As illustrated below, as solar continues its price decline, zoning and permitting fees become an increasing part of the cost puzzle.
Credit: Institute for Local Self Reliance http://ilsr.org/local-permitting-bigger-difference-solar-cheap/

Spurred on by the Department of Energy's (DOE) SunShot grant initiative, two organizations have formulated well researched and expert-driven model zoning and permitting ordinance templates: PennFuture (yes, us) in 2012, and the Delaware Valley Regional Planning Commission, which is currently executing training and model development in the region they serve.

One element that was/is missing from both of these efforts was the potential for a single zoning and permitting model endorsement from the Commonwealth of Pennsylvania. This could give municipal officials more confidence in adoption of the recommended processes. To this end, PennFuture has called on Gov. Tom Wolf to convene a solar working group that includes the expertise that has been developed over the course of SunShot-funded efforts, and combines officials from Pennsylvania's Department of Environmental Protection and Department of Labor and Industry to endorse a single model permitting process.

A similar statewide solar working group was last convened in 2008, and it developed recommended models and operations on a number of solar-related topics. Now, seven years later, expertise, models, and lessons learned nationally and locally are abundant. It's time to reconvene.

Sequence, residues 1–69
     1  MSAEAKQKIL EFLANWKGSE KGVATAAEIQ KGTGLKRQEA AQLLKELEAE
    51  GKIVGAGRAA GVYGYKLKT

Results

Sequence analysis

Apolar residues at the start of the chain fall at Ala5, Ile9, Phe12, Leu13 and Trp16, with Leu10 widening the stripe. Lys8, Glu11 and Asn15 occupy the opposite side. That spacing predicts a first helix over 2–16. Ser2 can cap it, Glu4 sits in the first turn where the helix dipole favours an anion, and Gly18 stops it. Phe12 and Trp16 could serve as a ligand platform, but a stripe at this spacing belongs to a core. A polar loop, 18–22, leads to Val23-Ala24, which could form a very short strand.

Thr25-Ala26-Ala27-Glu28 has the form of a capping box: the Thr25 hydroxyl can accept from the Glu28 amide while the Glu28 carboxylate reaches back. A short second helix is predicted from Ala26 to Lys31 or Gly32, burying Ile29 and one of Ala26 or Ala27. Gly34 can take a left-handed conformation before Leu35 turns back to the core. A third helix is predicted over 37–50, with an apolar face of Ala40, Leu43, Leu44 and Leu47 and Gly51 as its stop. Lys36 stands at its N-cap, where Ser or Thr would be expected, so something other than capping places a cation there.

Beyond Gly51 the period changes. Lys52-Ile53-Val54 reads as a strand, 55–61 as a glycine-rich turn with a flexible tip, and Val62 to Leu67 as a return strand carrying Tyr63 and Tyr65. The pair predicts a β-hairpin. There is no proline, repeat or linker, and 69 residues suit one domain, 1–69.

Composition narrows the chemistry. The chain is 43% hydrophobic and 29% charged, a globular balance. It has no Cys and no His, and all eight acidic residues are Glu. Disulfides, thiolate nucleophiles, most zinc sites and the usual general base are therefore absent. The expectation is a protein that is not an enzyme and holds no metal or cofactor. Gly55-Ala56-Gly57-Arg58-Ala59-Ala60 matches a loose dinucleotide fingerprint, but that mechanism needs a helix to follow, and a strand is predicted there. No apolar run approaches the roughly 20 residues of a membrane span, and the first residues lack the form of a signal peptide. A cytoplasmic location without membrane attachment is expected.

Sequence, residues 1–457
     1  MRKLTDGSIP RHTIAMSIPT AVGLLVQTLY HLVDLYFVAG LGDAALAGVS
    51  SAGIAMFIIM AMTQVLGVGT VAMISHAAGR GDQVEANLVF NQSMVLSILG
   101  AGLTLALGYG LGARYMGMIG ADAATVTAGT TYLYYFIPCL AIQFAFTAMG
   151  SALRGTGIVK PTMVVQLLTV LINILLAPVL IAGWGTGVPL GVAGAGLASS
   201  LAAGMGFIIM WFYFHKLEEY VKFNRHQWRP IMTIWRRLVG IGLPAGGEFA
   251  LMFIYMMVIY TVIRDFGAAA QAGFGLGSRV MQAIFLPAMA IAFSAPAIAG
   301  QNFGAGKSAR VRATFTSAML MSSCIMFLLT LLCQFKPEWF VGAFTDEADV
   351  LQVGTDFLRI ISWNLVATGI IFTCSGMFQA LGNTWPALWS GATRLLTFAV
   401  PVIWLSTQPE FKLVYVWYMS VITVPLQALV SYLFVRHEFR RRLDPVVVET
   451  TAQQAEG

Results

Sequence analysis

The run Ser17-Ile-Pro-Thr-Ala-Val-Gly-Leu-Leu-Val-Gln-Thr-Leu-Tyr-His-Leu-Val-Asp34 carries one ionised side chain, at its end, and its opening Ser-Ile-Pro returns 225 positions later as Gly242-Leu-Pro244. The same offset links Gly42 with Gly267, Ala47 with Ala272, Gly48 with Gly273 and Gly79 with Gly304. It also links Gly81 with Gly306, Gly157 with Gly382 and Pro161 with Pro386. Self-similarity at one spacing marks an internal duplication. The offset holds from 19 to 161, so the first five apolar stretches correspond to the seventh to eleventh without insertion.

Evan Endres is program manager for PennFuture and is based in Pittsburgh. He tweets @ER_Endres.

Energy Efficiency is a win-win

Investing in energy efficiency reduces your electric bill AND our state's CO2 emissions. Energy efficiency involves using energy smarter with cool technological innovations that use far less energy than old appliances, light bulbs, HVAC systems, etc.

Energy efficiency is a terrific energy resource and that's why PennFuture recently recommended in its policy document, “A Fresh Start for Pennsylvania: 26 Steps that Governor Wolf can take to improve Pennsylvania’s environment and economy,” that Gov. Tom Wolf and the Pennsylvania Department of Environmental Protection (DEP) promote home investments in energy efficiency.

As discussed in previous posts, Pennsylvania requires utilities to implement energy efficiency measures through its Act 129 Energy Efficiency and Conservation Program. However, those measures don't go far enough and we need to up our game on energy efficiency. Energy efficiency will be a significant component of our compliance with the Environmental Protection Agency's (EPA) Clean Power Plan and Pennsylvania will not likely be able to reach its CO2 reduction goals without increasing energy efficiency across the state. Fortunately for us, energy efficiency is the most cost effective option for compliance. In fact, Pennsylvanians have seen about a $2-$3 return on every $1 invested in the Act 129 program. 

How You Can Make the Choice to Invest in Energy Efficiency